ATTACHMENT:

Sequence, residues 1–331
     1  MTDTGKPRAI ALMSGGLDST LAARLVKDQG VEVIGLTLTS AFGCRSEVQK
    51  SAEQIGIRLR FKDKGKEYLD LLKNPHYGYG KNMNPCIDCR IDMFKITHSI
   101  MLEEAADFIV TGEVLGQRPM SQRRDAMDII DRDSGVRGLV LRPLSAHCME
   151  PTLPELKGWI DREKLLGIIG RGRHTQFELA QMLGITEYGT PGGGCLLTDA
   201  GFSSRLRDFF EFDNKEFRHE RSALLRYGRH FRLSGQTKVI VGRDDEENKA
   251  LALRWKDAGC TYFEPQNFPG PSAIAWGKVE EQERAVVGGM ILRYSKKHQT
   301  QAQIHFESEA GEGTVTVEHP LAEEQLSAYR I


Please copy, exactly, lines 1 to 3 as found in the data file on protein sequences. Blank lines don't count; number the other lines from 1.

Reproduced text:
Sequence, residues 1–331
     1  MTDTGKPRAI ALMSGGLDST LAARLVKDQG VEVIGLTLTS AFGCRSEVQK
    51  SAEQIGIRLR FKDKGKEYLD LLKNPHYGYG KNMNPCIDCR IDMFKITHSI